While cogitating on this great mystery, the thought occurred that perhaps we should create and promote a special Facebook page called the Acoustic Fiasco “Hall of Shame” — highlighting an EPIC FAIL each month (although weekly wouldn’t be out of the question). Yes, it would be an immensely cheap and easy shot, but then there is that one example that rises so far above the norm as to deserve its own article — this one!
So…. the award goes to a project entitled “The Three Chandeliers.”
Let’s start with the basics. This restaurant is one of a planned chain.
As we look upon this work of utter genius from a reflected ceiling plan perspective, one notices the elegant custom Italian (read seriously high $$$) marble floor offering no acoustical absorption. The perimeter wall is half glass and half drywall, offering little surface area for treatments.
The high ceiling adds another second or so to the reverberation time and perhaps a few reflections, yet offers several obvious but initially unused [see below for the eventual result] opportunities to add acoustical absorption.
Now take a moment to have a longer look at the last (ceiling coves) photo. For any acoustician, even a novice, this should have been a slam dunk to resolve. A ten minute discussion, a costing and materials memo, and a couple of spec sheets would have easily done the job — UP FRONT, or even while construction was underway as long as final finishes had not yet been applied.
OK, so the answer is blatantly obvious and easily implemented. So the critical question becomes, “Was there no budget for acoustical absorption?” Clearly there was more than enough money for some posh “statement” three-tiered crystal chandeliers, custom marble floors, hand built dining tables, and I’m sure logoed china, maybe custom silverware, and of course embroidered uniforms or clothing for the staff, first class chef’s hats, six- to seven-figure kitchen fit-out and on and on. Oh, and I’m also sure the staff went to training to develop that slightly arrogant, cynical attitude necessary for such a high dollar dining experience, with menu pricing to match.
The irony of trying to have any sort of remotely useful spoken or heaven forbid musical content intrude into this gigantic hollow echo chamber of a space other than “Can you please repeat that?” is mildly entertaining. Oh and in case you missed them, look for the two dangling video monitors, which are switched off — anyone want to hazard a guess as to why?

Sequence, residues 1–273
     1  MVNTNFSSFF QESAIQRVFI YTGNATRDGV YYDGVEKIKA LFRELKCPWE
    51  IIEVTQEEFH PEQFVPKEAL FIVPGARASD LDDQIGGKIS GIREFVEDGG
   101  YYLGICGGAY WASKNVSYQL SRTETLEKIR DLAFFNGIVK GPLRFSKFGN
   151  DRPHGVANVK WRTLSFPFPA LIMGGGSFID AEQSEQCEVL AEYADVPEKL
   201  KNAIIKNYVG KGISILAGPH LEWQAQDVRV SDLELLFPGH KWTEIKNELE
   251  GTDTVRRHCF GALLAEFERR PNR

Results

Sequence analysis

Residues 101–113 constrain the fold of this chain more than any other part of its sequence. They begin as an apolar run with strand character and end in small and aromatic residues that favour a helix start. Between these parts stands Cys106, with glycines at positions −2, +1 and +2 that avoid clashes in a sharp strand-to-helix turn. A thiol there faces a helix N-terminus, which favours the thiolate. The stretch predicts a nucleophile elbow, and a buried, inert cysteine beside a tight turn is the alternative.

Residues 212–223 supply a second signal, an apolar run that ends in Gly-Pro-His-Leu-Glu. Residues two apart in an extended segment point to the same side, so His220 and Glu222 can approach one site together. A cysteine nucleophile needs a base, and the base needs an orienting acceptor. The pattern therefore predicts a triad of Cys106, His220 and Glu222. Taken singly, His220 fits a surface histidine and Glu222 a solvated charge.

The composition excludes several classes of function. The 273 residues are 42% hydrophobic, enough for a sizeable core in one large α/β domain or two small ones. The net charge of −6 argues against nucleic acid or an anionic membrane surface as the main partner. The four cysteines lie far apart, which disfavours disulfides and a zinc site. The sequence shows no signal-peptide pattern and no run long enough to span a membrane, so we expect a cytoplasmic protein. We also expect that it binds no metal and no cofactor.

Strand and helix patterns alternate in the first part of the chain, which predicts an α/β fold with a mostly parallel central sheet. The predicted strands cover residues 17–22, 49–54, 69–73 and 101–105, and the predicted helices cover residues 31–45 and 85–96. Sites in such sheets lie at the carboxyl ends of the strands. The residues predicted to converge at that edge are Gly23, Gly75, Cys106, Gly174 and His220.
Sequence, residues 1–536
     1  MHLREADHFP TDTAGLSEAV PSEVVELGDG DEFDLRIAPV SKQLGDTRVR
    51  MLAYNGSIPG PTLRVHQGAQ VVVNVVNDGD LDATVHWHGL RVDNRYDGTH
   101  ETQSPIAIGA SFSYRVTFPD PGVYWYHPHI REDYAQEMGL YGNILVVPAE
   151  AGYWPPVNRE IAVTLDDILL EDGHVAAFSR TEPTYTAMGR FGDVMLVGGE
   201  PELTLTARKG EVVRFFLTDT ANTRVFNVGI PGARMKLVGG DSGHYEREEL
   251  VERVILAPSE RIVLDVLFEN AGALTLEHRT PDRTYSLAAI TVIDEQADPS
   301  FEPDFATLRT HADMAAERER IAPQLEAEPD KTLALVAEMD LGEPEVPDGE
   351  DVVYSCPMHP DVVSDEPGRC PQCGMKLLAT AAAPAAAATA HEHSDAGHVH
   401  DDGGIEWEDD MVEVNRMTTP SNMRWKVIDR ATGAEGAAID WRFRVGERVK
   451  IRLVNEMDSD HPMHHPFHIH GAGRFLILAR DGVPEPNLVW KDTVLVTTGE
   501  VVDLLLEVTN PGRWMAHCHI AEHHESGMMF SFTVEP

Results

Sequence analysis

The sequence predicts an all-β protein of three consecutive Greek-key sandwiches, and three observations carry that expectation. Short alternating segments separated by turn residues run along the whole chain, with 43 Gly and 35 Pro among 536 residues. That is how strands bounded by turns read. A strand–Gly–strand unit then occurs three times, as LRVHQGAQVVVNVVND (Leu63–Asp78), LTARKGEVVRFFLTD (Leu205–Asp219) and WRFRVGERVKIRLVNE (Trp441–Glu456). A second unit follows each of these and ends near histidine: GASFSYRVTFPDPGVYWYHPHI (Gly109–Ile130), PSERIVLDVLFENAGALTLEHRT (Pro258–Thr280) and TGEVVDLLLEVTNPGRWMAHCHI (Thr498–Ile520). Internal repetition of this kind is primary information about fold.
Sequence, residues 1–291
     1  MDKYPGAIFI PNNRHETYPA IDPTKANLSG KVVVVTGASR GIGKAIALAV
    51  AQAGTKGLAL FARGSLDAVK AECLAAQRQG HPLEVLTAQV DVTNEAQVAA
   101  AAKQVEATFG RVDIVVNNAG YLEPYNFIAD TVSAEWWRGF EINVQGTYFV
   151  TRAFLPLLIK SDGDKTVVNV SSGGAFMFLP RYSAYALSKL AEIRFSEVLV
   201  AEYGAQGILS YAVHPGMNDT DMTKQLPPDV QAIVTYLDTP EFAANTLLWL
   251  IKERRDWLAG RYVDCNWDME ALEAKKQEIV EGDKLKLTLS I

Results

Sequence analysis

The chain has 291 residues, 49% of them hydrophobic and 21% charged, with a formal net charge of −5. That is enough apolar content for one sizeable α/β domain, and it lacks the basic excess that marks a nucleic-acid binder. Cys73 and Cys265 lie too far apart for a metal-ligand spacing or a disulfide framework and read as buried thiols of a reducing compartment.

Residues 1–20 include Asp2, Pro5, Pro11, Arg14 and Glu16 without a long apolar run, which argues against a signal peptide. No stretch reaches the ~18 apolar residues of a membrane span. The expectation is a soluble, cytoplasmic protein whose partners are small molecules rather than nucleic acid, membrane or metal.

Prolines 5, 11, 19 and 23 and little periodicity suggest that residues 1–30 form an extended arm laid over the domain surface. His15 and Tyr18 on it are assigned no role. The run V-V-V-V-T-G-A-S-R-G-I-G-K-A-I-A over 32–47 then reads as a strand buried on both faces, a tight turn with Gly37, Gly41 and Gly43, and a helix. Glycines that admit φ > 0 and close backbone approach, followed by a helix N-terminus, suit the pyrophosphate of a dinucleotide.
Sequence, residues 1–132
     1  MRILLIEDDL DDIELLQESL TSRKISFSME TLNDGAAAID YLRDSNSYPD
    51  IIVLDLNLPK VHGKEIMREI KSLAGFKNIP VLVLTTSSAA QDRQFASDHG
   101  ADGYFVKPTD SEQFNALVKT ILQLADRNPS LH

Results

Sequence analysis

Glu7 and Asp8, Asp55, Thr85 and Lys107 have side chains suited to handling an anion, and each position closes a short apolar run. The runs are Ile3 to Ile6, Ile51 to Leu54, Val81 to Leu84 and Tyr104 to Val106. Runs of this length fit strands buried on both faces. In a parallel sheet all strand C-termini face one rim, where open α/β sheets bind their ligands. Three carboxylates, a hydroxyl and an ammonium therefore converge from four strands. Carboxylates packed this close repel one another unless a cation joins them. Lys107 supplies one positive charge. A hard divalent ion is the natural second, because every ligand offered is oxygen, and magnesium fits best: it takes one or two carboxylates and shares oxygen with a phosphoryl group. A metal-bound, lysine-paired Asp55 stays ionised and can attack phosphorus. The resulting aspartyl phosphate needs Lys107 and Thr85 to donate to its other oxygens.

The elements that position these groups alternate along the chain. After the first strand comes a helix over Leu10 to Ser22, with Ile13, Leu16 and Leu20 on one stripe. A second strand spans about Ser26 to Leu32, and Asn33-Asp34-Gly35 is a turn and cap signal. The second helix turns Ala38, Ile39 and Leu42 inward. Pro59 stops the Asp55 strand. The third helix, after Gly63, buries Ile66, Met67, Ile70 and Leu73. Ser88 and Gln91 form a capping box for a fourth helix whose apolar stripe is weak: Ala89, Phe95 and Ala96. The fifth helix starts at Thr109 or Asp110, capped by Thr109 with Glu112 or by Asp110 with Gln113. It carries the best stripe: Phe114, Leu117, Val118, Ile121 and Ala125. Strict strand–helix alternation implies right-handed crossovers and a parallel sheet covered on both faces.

Now the comeuppance. After about three months, and a continual litany of complaints, even some in the reviews from the hoity-toity food critics (local and national), magically time and budget were found to make use of the obvious space and install some effective acoustical absorption to this facility. I’m sure there was massive screaming and yelling from his highness the chef/owner and the top line staff about the three days they were temporarily closed for the needed work to be accomplished. But it was done — well after it should have been done and at a much higher cost (including three days of not serving big buck prix-fixe dinners). But where do you think they put it? And, by the way, a dark drape was hung over the glass facing the street during the work to hide the fact that it was being done — just too arrogant to admit their mistake!
Figured it out yet? Besides the you-can’t-see-it materials up in the ceiling, look closely at the tables. Each table bottom is carpeted with a fiberglass foam board material sandwiched above. A clever solution which while helpful could easily have been avoided, if the issue had been handled beforehand. Of course there was much hair tearing about the visual effect this had on those brutally costly custom marble table but oh well.
Unfortunately the conversation that would really have been revealing is lost to the echoes in the space. That is the one between the owner and the architect about the acoustics right before opening.
After all, the issue wasn’t just acoustical treatment. It was the lost perspective on the purpose of the space and the fact that genuine homo-sapiens with (assumedly) functional ears would be occupying it nightly. Didn’t anybody consider they might want to actually have a conversation?